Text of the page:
The summer solstice has come and gone, and already days are slowly beginning to get shorter. We are starting the long, slow descent through the dog days of summer into the pleasant, mellow days of fall followed by the cold, bitter, short days of winter.
But if you lived on Michael Mountain just north of the high school, you might think that winter has arrived early.
In vast areas, many trees have been stripped of their leaves by an insidious invader leaving the forest in a distinctly winter-like state.
That invader and trouble maker is the gypsy moth and they have a hardy appetite for tree leaves. Oak leaves are like filet mignon to this lepidopteran, but when the oaks are gone they will eat almost anything green, including maple, apple, beech or anything else they can find. They even will eat some pine and rhododendron in a pinch.
The GM was introduced into New England from Europe in 1869 by a scientist hoping to cross them with silk worm moths. That Frankenstein moth didn’t pan out, but somehow the gypsy moth got loose. Since then, they have been growing and advancing at the rate of about 10 miles per year. The first wave passed through the county about 20 years ago and was mostly unnoticed then. But like pop-up thundershowers, they can show up anywhere now.
Mike Holstine, who lives on Michael Mountain said his first indication of the invader came while he was sitting on his porch.
“I thought a light rain was falling from the sounds I was hearing,” Holstine said. “But then the caterpillars began to show and the noise came from them munching on leaves and their droppings falling to the ground.”
After a few days of that, most of the leaves were shredded off of the trees and “it looked just like winter.”
The gypsy moth hatches in early May, climbs into the timber and suspends themselves on spider-like threads. Then the wind will scatter them in all directions. Some may be carried long distances but if they fall into good habitat with lots of oak, they will go to work and do some damage. Currently much of the oak timber on the east side of Michael Mountain has been defoliated. Also east of Rt. 92 and north of Frost, quite a bit of defoliation can be seen from the highway. Other areas may also be affected, so the West Virginia Department of Agriculture as well as the US Forest Service will probably be doing aerial assessments.
Some suppression spraying was done earlier in May on the west side of Michael Mountain in Seneca State Forest by the Department of Agriculture. And some birds, mice and bats could also impact the moth populations to a minor degree.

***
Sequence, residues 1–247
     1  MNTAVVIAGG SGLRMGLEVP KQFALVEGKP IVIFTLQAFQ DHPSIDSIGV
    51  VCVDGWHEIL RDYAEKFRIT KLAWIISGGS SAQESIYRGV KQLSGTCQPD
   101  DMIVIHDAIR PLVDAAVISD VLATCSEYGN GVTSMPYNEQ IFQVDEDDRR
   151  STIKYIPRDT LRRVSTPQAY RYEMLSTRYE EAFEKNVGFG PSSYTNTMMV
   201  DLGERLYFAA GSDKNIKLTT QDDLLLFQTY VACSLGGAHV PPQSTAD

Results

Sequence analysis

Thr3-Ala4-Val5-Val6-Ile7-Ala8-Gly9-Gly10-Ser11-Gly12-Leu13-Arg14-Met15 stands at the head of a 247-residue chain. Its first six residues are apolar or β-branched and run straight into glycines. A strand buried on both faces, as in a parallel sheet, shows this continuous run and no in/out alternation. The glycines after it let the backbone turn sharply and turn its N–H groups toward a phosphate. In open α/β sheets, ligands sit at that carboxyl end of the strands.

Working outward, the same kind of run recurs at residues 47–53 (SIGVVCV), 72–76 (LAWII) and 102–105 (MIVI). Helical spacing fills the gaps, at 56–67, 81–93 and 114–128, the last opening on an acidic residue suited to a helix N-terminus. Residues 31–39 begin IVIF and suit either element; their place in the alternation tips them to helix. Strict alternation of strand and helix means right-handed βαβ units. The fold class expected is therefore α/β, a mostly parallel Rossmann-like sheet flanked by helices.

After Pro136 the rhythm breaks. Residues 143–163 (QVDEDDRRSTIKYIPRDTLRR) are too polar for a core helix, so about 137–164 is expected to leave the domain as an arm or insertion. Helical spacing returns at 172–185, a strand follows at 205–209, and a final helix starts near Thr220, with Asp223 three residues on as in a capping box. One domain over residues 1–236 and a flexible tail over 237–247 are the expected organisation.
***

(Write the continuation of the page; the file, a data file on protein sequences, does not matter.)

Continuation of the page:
Does this harm the trees?
Yes. It certainly can. If defoliation occurs two years in a row, many trees will die. Trees that are already stressed by drought or other insect damage may also die after one defoliation.
So, that is the bad news. But is there any good news?
Yes. Most of the defoliated trees will grow new leaves by mid-July. The acorn crop will certainly be affected as will other fruit and nuts. If there is no defoliation next year, the forest should return to normal in a year or two.
And there is more good news. While driving across the Hill Country Road, I stopped to look at some light defoliation and found a crashing population of gypsy moth. Large numbers of two-inch, black caterpillars with pairs of red and blue spots were hanging lifeless, some hanging straight and some hanging in V-shapes. In large populations an extremely contagious virus takes over like the ”Flu” in a Stephen King novel and can wipe out upwards of 95 percent of the caterpillars. Most will never make it to the next stage of their life which is pupation – a two-to-three week resting period before they become adults.
Lighter populations will not be affected by this virus and will go on to hatch, grow and defoliate next year.
So, if you suspect that you have gypsy moth or have susceptible trees that you care for, here are some things that you can do.
GM larvae and pupae are always looking for a place to hide. Provide a place for them by tacking up skirts of burlap or canvas around your favored trees.
Larvae will accumulate there and you can destroy them by hand by dropping them into a cup of soapy water. Pupae, finger-sized black shells of the resting stage, will also be there and can be destroyed. And if all that fails and they make it to adulthood, the egg masses – thumb-sized tan spongy masses –will be close by and can also be destroyed by hand. The huge white females cannot fly, so adults will not go far before laying their egg masses.
Dave is a telescope operator at the Green Bank Observatory and can be contacted at davecurry51@ gmail.com